Bottom Line: Much of the economic confusion about the $15 an hour minimum wage hysteria can be traced to the mistaken assumption that unskilled workers are competing against their employers to get higher and higher wages. That’s absolutely not the case. The economic reality is that unskilled workers compete against other workers to get higher wages, especially skilled workers, and ultimately against investments in labor-saving technologies and automation. If you understand and agree that a “minimum beef price law” would disadvantage hamburger sales and enhance sirloin steak sales, then you should also understand and agree that a $15 an hour minimum wage law would disadvantage unskilled workers and deny many of them the valuable opportunity to get an entry-level job and gain the skills, training, and experience that will put them on the path to a better and more prosperous economic future. At $15 an hour, many unskilled workers simply won’t be able to effectively compete against skilled workers and against automation, and we’ve therefore handicapped America’s most vulnerable workers by taking away from them the most effective strategy they have – the ability to offer to work for a competitive wage that is consistent with their lack of skills.
Update 3: From Walter Williams:
The steak example applies to any mandated minimum price. In the case of minimum wage laws, a mandated minimum lowers the cost of – hence encourages – the indulgence of racial preference in the labor market.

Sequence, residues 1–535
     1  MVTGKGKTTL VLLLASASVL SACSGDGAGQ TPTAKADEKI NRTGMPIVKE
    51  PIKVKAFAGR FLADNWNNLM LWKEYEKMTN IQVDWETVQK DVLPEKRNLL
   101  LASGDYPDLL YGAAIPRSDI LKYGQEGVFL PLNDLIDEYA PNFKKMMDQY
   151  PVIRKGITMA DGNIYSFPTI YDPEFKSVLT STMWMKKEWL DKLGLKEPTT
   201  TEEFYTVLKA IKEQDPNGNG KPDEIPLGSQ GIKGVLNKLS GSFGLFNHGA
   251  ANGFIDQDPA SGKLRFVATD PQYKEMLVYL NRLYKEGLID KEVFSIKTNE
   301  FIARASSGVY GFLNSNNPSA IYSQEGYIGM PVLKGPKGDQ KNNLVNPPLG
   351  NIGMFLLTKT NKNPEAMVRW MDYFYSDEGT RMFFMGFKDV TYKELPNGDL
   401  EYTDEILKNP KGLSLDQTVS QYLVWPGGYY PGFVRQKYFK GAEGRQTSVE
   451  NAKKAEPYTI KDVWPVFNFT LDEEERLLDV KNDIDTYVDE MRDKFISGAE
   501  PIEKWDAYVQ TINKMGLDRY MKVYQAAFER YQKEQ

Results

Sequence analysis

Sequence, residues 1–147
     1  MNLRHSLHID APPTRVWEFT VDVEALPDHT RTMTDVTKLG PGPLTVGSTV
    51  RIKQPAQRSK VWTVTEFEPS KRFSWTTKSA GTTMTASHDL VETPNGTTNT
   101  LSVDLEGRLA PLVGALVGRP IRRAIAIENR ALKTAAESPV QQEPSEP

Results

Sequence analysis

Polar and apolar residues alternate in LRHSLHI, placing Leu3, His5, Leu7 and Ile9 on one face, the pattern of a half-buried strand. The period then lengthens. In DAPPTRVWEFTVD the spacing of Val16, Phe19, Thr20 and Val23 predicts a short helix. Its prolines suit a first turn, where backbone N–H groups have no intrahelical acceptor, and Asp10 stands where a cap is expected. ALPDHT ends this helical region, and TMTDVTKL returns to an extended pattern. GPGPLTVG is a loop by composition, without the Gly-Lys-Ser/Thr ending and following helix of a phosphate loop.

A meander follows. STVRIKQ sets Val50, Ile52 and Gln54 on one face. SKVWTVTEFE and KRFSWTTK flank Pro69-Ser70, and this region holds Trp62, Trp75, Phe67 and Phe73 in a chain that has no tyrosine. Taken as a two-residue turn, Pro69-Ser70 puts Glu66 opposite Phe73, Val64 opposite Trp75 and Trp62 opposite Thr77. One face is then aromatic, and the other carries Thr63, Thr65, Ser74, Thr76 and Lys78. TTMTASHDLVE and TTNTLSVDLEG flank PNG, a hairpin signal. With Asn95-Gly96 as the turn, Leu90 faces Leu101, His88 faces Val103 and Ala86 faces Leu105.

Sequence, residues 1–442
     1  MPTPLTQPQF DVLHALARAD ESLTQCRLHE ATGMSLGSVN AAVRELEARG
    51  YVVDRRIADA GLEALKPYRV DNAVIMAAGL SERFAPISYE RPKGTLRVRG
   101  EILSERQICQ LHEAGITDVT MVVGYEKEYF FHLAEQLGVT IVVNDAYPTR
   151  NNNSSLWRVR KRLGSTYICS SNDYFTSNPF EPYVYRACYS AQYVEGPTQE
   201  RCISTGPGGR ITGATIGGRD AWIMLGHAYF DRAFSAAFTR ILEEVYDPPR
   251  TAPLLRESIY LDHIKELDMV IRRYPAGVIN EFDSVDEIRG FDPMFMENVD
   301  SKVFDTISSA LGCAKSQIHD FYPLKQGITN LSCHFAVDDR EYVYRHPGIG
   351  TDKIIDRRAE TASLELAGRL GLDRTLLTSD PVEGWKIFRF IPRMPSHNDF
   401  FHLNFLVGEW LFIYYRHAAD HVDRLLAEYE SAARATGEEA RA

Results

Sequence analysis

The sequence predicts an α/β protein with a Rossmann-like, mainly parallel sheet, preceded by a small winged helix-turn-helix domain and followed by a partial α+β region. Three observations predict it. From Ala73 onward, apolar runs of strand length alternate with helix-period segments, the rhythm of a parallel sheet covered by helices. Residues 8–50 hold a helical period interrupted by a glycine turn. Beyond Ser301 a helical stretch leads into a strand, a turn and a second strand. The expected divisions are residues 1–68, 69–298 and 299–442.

Some might object to the validity of my example by saying that people are not the same things as cuts of meat. That is true – just as steel balls are not the same as people. However, although steels balls and people are different, both obey the law of gravity. The independent influence of gravity on a steel ball’s acceleration is 32 feet per second and its influence on a person is exactly the same. Similarly, quantities demanded for cuts of meat are influenced by the law of demand, and so are quantities demanded of a person’s labor service.
Update 2: Related quote from Milton Friedman:
The minimum wage law is most properly described as a law saying that employers must discriminate against people who have low skills. That’s what the law says. The law says that here’s a man who has a skill that would justify a wage of $5 or $6 per hour (adjusted for today), but you may not employ him, it’s illegal, because if you employ him you must pay him $9 per hour. So what’s the result?  To employ him at $9 per hour is to engage in charity. There’s nothing wrong with charity. But most employers are not in the position to engage in that kind of charity. Thus, the consequences of minimum wage laws have been almost wholly bad. We have increased unemployment and increased poverty.
Update 1: In the related video below (“The Cruelty of the $15 Minimum Wage“), Don Boudreaux reminds us that “Taking away from workers an important bargaining chip, namely the ability to offer to work at a wage less than the minimum, is the cruelest thing you can do for a lot of these workers.

Teenage unemployment in cities

New research that examines New York’s Summer Youth Employment Program (SYEP) finds that participation in the program positively impacts student academic outcomes. As the authors state in the introduction, youth employment has many benefits: